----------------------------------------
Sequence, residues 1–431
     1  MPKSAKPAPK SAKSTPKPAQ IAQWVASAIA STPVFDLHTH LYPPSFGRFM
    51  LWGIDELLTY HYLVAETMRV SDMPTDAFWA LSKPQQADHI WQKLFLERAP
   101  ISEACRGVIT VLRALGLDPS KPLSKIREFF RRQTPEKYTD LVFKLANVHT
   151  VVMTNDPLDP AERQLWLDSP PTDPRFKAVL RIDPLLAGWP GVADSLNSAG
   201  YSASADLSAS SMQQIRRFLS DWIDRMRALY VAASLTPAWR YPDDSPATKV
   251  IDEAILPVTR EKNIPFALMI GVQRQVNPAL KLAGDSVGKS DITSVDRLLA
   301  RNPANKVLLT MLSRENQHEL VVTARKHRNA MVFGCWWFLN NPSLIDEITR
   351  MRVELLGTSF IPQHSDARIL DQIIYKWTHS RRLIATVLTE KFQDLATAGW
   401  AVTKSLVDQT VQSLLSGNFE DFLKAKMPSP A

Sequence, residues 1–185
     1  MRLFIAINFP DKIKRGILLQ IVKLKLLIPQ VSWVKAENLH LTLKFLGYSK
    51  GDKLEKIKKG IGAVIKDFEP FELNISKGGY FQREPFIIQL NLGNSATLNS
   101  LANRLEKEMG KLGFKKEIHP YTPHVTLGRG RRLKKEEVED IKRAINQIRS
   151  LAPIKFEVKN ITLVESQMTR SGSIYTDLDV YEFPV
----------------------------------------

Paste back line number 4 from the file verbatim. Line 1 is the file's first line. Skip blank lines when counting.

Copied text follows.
   101  ISEACRGVIT VLRALGLDPS KPLSKIREFF RRQTPEKYTD LVFKLANVHT